A few days ago I got an email from what appeared to be The Taylor Group, a market research firm, asking me to participate in a customer satisfaction survey about Verizon, which I have an account with – easy to figure out since my primary email address ends in “verizon.net” – and the email return address looked legit when I moused over it. There were links in the email to participate, and an offer of a chance to win a $50 gift certificate, plus a deadline by which to take up the offer.
I ignored it anyway, and a day or two later I got a followup email, asking again that I participate before the deadline mentioned in the first email. Again, looked legit, no spelling or grammatical mistakes, couched in market researcher level language, complete with a link at the bottom to click if I didn’t want to get any further solicitations. We’ve all seen those, right?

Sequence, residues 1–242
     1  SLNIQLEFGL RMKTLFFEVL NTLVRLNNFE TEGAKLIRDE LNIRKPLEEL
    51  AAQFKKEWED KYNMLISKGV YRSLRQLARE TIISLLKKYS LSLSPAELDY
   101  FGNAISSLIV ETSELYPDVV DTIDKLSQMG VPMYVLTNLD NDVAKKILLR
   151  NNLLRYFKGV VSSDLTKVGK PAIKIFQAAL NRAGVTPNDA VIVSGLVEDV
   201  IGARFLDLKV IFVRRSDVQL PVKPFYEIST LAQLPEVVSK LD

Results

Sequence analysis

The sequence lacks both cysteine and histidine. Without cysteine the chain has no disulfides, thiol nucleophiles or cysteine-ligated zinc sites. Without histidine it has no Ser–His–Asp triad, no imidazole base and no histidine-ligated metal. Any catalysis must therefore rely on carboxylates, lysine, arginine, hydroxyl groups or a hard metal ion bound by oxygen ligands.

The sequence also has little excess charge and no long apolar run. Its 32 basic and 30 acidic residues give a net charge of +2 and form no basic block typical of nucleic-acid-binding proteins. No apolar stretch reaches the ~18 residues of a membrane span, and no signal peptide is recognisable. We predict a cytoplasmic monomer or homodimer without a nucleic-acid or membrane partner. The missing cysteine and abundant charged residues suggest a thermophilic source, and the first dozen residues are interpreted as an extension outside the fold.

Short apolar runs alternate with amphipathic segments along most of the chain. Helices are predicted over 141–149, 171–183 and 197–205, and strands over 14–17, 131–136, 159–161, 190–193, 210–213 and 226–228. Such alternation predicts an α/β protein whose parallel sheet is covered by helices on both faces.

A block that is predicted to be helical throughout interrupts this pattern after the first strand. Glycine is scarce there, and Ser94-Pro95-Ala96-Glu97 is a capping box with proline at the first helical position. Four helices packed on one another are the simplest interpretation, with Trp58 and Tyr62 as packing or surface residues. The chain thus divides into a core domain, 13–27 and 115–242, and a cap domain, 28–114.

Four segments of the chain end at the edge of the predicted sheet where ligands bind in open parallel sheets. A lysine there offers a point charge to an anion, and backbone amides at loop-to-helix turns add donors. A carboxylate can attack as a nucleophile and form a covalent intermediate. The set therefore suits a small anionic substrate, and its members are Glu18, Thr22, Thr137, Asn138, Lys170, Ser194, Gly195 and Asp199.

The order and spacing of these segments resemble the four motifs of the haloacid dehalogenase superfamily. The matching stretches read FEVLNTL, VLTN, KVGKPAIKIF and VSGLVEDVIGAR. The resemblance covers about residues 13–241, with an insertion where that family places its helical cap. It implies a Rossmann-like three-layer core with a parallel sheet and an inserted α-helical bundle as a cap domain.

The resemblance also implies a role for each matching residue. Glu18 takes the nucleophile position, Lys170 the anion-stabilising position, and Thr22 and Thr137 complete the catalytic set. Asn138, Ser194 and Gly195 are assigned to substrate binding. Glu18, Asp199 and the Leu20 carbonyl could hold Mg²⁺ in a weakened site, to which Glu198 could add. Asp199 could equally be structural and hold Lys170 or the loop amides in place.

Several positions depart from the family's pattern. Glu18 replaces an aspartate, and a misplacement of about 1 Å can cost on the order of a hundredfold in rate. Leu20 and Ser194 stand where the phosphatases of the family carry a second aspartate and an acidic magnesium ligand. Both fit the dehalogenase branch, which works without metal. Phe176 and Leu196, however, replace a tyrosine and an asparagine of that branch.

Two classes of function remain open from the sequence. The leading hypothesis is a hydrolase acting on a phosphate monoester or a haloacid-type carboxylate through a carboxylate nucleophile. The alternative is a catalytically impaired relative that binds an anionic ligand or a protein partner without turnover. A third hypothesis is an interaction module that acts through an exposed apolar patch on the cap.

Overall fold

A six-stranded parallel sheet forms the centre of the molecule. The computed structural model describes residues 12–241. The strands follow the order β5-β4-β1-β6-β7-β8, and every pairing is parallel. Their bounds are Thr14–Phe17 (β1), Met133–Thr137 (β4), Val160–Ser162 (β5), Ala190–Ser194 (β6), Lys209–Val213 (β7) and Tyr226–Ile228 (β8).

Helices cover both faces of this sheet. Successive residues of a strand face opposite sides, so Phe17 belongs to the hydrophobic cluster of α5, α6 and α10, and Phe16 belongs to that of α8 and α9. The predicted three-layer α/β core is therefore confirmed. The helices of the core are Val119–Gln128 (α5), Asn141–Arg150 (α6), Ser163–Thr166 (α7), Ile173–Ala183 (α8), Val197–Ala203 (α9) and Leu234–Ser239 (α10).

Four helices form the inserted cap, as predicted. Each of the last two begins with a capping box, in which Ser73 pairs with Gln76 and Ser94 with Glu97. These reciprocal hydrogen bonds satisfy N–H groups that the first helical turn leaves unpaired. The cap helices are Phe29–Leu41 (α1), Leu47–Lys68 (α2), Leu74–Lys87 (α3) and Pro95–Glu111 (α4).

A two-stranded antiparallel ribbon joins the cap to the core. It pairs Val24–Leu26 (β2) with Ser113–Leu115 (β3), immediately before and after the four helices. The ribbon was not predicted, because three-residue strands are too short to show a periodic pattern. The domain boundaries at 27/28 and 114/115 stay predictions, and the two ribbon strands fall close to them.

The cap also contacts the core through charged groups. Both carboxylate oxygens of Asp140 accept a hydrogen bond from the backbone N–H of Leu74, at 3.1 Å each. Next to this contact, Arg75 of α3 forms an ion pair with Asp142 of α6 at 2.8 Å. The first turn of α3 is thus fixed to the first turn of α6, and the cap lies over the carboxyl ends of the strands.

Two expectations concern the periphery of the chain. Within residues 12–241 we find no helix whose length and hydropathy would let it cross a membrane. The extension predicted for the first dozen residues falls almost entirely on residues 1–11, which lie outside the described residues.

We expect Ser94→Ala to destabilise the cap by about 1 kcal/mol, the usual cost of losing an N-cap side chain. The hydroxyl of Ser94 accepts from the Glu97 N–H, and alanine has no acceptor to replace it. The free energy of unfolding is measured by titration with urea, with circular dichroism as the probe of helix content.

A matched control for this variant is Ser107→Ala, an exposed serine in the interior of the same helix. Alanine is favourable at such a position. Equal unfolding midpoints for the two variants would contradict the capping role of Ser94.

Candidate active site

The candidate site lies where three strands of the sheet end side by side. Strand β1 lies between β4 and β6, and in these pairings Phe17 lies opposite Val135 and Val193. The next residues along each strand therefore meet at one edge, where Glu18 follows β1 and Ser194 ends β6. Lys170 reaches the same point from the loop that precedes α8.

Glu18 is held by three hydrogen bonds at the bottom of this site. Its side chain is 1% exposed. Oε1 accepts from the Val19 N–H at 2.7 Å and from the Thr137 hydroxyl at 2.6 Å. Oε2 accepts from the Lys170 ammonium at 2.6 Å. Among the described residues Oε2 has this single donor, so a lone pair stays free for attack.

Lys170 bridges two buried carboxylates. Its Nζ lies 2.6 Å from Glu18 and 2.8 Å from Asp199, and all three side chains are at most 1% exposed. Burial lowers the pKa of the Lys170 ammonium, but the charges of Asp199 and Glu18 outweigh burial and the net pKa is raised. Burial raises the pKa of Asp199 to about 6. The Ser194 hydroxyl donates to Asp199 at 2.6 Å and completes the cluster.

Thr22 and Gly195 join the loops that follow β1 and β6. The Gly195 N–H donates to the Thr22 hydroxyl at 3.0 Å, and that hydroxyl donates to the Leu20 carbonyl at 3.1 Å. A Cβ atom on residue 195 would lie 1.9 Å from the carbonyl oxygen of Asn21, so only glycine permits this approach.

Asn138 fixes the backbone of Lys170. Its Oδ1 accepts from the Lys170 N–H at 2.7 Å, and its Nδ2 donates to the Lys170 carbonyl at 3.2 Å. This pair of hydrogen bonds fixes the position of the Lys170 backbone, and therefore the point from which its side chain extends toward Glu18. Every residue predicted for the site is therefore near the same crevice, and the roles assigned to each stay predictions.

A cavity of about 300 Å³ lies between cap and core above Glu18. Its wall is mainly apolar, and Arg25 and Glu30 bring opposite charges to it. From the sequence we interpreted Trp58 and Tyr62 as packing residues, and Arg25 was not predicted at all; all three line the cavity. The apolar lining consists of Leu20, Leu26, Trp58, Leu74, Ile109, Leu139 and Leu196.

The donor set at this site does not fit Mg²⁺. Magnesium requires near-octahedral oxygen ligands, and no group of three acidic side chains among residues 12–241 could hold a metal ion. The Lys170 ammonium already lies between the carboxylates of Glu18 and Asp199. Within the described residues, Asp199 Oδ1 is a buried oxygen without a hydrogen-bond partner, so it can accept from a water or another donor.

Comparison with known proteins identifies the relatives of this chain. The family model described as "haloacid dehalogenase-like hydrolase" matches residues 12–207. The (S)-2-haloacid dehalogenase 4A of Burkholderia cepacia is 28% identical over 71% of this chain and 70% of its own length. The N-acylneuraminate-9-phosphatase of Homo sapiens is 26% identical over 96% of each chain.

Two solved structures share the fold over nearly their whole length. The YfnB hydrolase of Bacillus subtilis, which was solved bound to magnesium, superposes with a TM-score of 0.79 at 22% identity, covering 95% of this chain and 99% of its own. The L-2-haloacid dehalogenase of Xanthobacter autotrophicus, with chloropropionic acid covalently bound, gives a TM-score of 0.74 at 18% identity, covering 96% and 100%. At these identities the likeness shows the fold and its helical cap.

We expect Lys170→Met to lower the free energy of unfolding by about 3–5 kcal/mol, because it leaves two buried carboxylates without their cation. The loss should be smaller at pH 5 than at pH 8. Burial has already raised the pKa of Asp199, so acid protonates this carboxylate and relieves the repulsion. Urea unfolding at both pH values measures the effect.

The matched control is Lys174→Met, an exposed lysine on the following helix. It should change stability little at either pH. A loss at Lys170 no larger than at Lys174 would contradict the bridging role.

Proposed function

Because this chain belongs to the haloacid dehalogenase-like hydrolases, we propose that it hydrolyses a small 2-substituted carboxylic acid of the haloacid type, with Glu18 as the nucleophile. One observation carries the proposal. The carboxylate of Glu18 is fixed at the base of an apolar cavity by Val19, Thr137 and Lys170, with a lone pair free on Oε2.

But… I have a nasty suspicious mind, so I Googled the firm name, and found there is indeed a Taylor Group that does market research. Except that its URL domain name is not exactly the same as the one showing in the email. And further Googling revealed a handful of alerts on a couple of Verizon users’ forums about a phishing scheme using The Taylor Group’s identity.
A, as they say, ha.
Now, this was convincingly done. Not crude like the Nigerian princes, much more legit-looking. So be careful out there, folks.